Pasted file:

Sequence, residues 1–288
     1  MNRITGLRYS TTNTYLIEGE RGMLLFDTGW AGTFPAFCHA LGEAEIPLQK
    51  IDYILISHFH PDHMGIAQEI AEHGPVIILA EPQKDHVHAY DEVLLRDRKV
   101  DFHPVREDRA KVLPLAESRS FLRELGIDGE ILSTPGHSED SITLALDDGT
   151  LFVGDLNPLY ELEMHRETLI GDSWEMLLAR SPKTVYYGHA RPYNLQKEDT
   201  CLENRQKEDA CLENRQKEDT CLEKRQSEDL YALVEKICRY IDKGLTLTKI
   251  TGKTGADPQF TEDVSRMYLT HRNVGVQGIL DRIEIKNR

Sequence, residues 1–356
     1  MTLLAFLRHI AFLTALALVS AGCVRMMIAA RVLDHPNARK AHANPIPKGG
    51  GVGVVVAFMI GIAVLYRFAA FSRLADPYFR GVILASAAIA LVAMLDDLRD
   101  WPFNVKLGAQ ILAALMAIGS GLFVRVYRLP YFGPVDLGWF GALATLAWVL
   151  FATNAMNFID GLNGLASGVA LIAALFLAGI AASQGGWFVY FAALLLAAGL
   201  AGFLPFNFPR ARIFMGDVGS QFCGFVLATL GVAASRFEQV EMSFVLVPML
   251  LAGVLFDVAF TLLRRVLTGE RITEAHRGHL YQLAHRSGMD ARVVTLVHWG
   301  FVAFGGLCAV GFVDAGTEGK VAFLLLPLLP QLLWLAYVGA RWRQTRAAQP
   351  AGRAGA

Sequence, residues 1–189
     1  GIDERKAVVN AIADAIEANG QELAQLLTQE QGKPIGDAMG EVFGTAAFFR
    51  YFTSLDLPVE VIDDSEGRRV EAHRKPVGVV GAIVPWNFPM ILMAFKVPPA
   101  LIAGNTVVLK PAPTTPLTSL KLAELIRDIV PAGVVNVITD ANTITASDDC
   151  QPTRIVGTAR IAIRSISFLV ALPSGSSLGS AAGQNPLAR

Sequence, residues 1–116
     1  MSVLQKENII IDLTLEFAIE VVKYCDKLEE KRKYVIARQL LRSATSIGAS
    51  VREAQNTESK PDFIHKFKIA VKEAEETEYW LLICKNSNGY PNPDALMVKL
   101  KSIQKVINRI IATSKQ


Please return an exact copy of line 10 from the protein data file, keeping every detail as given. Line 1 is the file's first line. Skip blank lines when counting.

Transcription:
    51  GVGVVVAFMI GIAVLYRFAA FSRLADPYFR GVILASAAIA LVAMLDDLRD